Burning Down the House: Why is a Cyber Attack Different from a Fire Under the Law?

This article was written by Daniel B. Garrie and Richard Borden.

You are sitting at your desk and the fire alarm goes off. At first, you are annoyed at the latest interruption, but then someone comes on the speaker and says that there is smoke in the building and that everyone must go to their location of safety. You walk out of your office, and you see people moving towards individuals with red hats, pointing towards the stairwell that you forgot existed. People are moving quickly, but with purpose. You recall the drill you were forced to do a few months ago. At the entrance to the stairwell, another person with a red hat, Judy, the receptionist, is standing with a chart and tells everyone that they should continue downstairs, leave through the door on the B Level, and walk to parking lot C across the street. You smell some smoke in the stairwell, but everyone is moving steadily towards the exit. When you leave the building, there is another person with a red hat, Steve, from accounting. He points to parking lot C and makes sure that everyone is going there. At the parking lot, Joe, from a department you can't recall, is checking people in against a list of people who had swiped into the building that morning. You turn around and look at the building. You see flames on the floor above yours, and water from sprinklers on the windows. The fire trucks are arriving and the firemen are pouring out and moving inside with purpose. You see the captain at one of the trucks with a blueprint of the building. The police have arrived, along with the ambulances. Hopefully, no one was injured. You know that anything that was damaged by the fire will be covered by insurance. Even the interruption in your business is covered. Joe is calling out names from the list. 4 people are unaccounted for. You see 2 people being brought out on stretchers and two others being escorted to the ambulances. You hope that they are okay.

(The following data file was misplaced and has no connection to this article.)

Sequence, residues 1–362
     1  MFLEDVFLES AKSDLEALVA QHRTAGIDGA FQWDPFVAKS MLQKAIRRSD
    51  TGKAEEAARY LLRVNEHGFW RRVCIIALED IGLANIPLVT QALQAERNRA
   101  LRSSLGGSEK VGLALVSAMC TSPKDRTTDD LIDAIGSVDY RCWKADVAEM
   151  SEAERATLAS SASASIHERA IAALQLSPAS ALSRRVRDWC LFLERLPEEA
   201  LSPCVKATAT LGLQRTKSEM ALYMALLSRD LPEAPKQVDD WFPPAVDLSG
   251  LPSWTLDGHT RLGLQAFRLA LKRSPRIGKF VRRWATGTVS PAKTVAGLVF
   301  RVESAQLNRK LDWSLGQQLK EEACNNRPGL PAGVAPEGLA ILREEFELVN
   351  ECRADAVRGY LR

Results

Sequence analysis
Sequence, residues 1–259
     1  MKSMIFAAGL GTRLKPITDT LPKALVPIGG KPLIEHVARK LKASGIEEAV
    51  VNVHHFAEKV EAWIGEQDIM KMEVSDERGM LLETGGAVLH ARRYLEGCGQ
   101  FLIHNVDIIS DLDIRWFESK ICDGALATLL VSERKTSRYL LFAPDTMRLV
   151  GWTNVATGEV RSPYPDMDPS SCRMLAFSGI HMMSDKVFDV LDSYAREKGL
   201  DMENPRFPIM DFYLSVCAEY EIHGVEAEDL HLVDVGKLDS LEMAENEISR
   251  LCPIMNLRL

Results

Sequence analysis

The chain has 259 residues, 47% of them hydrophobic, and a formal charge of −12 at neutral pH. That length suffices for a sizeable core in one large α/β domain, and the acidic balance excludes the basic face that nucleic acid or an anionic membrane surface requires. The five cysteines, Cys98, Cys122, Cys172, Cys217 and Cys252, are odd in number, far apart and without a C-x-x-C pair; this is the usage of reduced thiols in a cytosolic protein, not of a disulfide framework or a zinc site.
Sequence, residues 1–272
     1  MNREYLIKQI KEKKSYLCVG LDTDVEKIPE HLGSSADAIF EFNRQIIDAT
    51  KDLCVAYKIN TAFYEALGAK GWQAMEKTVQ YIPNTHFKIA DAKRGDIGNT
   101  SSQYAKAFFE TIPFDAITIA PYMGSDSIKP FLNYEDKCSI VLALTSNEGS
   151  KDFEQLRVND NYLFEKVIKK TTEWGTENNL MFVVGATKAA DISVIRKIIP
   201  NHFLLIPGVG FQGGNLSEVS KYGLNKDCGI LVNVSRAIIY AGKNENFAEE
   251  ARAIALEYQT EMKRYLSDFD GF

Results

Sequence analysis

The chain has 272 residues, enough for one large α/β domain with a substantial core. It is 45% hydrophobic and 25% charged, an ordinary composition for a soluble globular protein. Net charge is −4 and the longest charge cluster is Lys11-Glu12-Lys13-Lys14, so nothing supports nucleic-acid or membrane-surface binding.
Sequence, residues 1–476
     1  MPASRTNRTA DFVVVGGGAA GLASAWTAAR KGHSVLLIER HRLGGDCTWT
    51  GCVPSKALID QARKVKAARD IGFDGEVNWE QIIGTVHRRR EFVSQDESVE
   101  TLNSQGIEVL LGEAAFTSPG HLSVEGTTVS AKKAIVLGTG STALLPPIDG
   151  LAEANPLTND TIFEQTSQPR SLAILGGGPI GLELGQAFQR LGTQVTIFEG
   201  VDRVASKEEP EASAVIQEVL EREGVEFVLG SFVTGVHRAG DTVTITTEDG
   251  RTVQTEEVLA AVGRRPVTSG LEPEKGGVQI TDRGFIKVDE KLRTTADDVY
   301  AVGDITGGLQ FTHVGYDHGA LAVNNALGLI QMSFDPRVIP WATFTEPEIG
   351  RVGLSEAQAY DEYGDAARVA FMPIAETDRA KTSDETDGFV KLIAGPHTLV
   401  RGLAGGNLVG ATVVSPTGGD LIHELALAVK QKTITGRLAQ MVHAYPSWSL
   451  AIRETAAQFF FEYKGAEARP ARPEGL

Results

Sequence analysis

You are sitting at your desk and the screen goes blank. Then a skull and crossbones comes on the screen, along with something that says that your company's information will be destroyed unless a ransom is paid. You get up and walk out of your office and see people looking at their screens, confused. People are milling about, asking each other what is happening. You go back in your office and pick up the phone to call IT. The phone is silent. No dial tone, and you can't call anyone inside or outside. You were working on some very important, and highly confidential, materials for a client. There is an announcement on the loudspeaker with someone yelling for everyone to turn off their computers immediately. Then, there is silence. You press the power button on your computer and walk out of your office again. There is no one there to provide guidance. You have no idea what is happening. A few hours later, you are sitting with some colleagues in the Starbucks across the street. The badge scanners aren't working, so no one is allowed back in the building. Suddenly, someone at another table shouts something. All you hear is "No!!" Everyone crowds around the table. One of your friends is staring at her laptop. "They have my information. I haven't even told my husband yet." She is crying. By now, everyone knows that she was diagnosed with breast cancer two days ago. Everything freezes. Your sight dims. You were just diagnosed with esophageal cancer yesterday. Your wife knows, but your kids don't. Does everyone in the world now know? What else do they know? You sit down and listen to the babble in the room, but outside, the building is quiet. There are no lights flashing on top of emergency vehicles. There is no one there to help the injured.